Nearly three years of behind-the-scenes negotiations over the licensing legalities of gas-assisted injection molding have broken off between leading pro-viders of the technology. On one side is German injec-tion press manufacturer Batten-feld GmbH; on the other, Melea Ltd. and Gain Technologies Inc., the Michael Ladney-run company that markets Melea's patented technology.
The talks, with the goal of a basic licensing agreement, began privately in Germany at the K'92 plastics fair, said Wolfgang Meyer, president of Battenfeld of America Inc., the German firm's U.S. unit in West Warwick, R.I.
But Gain and Melea ended the negotiations in a loud, public fashion. Gain issued a news release last month to ``all plastics magazines worldwide,'' saying that ``Battenfeld has terminated these negotiations.'' Battenfeld then issued its own release.
The conflict is over injection molding machines with Battenfeld's Airmould Process for gas-assisted injection molding. Gain, based in Sterling Heights, Mich.,markets gas-assisted molding technology covered by patents held by Melea, a firm based in Gibraltar.
According to the Gain release, Melea believes that use of the Airmould gas control unit ``directly infringes or induces infringement of numerous of Melea's U.S. and foreign patents.''
``That is incorrect,'' Battenfeld said in its release. ``Battenfeld is convinced that its process and equipment, when utilized in the manner recommended by Battenfeld, does not infringe on any patents belonging to any third parties, including Melea, anywhere in the world.''
Battenfeld said the talks ended because of Melea's ``unrealistic expectations.''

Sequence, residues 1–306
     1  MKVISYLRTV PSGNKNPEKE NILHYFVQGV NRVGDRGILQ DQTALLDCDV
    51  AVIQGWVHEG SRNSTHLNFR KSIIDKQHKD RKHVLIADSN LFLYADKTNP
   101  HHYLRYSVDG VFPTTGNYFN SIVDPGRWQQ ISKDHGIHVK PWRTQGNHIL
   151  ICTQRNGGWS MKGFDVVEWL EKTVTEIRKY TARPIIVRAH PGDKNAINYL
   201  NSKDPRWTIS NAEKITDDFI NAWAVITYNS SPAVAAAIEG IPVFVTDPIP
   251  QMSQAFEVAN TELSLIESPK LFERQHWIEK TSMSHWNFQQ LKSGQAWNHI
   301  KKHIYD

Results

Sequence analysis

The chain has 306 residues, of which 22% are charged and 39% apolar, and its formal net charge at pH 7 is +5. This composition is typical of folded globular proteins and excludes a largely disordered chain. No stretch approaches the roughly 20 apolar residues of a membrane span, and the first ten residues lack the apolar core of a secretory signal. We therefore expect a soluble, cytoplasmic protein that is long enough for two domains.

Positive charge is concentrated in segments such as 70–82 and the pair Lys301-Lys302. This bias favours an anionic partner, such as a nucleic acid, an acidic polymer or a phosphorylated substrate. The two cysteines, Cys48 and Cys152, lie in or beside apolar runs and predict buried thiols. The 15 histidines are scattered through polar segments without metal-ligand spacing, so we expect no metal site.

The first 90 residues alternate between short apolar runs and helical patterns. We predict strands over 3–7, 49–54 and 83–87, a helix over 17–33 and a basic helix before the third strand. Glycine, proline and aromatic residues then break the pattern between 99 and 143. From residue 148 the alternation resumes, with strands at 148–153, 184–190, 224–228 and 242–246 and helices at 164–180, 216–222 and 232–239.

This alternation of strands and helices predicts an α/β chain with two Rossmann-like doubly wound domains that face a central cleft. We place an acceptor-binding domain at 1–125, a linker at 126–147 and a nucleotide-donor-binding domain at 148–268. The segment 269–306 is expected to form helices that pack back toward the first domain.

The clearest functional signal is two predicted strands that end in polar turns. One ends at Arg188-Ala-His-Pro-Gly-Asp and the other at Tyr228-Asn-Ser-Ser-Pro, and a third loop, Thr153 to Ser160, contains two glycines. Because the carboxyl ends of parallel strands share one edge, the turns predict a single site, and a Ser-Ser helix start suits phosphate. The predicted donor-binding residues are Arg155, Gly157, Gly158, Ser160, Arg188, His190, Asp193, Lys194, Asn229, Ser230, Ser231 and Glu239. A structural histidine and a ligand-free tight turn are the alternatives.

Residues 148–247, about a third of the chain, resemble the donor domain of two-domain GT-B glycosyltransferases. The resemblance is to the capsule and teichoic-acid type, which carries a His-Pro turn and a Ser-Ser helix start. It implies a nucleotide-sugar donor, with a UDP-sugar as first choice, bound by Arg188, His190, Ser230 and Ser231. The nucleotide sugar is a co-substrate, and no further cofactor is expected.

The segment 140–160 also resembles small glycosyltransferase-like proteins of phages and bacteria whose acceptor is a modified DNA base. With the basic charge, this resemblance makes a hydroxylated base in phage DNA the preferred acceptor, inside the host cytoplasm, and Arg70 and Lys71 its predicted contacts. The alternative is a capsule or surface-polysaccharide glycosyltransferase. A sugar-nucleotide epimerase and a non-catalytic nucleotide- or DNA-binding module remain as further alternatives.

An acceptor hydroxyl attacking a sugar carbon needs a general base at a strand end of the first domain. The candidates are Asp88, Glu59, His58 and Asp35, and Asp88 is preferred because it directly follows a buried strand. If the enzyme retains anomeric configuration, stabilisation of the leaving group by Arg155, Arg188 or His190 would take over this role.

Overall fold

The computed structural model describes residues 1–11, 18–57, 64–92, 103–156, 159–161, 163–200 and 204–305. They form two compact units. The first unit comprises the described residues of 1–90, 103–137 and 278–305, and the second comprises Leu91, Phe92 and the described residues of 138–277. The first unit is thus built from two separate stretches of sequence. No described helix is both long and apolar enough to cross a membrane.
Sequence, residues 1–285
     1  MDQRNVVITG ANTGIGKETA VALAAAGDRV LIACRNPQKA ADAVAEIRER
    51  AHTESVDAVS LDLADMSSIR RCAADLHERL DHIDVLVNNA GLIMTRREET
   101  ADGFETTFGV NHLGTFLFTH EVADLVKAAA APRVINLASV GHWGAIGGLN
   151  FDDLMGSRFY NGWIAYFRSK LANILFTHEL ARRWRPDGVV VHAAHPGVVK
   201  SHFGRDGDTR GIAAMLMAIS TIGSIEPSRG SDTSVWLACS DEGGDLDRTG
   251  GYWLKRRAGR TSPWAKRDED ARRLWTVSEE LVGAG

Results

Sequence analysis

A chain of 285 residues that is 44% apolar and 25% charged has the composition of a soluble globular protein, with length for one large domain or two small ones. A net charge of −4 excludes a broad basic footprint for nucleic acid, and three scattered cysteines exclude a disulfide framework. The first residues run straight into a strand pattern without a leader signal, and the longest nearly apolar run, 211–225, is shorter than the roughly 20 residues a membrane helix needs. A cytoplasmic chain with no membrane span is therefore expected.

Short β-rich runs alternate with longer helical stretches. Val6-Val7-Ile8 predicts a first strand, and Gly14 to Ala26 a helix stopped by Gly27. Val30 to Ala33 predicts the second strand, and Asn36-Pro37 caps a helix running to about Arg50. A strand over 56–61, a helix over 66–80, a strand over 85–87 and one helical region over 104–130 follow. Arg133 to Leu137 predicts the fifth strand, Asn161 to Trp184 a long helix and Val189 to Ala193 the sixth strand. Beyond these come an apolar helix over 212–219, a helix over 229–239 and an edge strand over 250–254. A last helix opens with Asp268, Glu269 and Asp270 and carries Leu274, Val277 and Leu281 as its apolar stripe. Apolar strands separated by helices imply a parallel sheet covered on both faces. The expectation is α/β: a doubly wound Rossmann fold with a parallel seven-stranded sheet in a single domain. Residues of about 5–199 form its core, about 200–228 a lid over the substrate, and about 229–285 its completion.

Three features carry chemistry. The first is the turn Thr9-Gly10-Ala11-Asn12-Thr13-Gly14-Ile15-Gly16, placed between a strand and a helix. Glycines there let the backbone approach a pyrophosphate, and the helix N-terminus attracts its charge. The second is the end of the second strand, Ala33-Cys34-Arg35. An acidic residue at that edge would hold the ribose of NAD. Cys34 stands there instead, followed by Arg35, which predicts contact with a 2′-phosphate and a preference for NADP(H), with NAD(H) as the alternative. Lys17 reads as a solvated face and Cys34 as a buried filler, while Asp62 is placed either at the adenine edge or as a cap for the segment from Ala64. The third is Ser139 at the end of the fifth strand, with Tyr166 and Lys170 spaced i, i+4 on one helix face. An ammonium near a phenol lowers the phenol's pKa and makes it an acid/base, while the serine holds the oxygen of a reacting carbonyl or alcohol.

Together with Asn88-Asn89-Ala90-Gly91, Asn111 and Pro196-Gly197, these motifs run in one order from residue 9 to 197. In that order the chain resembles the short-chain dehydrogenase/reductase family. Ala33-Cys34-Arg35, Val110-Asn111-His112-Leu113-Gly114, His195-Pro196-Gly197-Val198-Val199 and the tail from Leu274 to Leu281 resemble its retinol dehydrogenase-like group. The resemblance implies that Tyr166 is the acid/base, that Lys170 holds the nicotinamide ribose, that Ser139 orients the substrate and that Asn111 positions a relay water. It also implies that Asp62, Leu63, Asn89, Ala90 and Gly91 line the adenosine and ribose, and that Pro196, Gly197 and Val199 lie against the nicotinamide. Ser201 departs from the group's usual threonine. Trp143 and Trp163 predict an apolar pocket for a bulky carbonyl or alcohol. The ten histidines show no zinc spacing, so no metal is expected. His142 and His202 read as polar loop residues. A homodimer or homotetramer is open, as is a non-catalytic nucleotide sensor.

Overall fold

Despite the dueling news releases, the immediate impact of collapsed negotiations on North American molders remains unclear.
Less than 10 percent of the roughly 300 Airmould units Battenfeld has sold worldwide have gone to North American processors, Meyer said.
Also, according to Meyer, since the negotiations began, Battenfeld has asked its customers to contact Gain and Melea to obtain a license, and most of them have.
According to Gain and Melea, their proposed settlement would have allowed current and future Airmould users to obtain a license for Melea patents at a reduced fee.
Since Battenfeld ended the negotiations, Melea now is calling for Airmould users to contact Melea directly to obtain a license.
The release threatens lawsuits and implies that Airmould users could risk losing their status as vendors to major automotive companies, which already hold licenses with Melea.
Four years ago, Battenfeld signed a licensing-cooperation agreement in North America with England's Cinpres Ltd., which markets a competitive gas-assist technology. Cinpres for years has been involved in a series of bitter patent-related lawsuits and countersuits with Gain and Gain's president, the litigious, Detroit-area entrepreneur Ladney.
That agreement remains in effect, according to Meyer.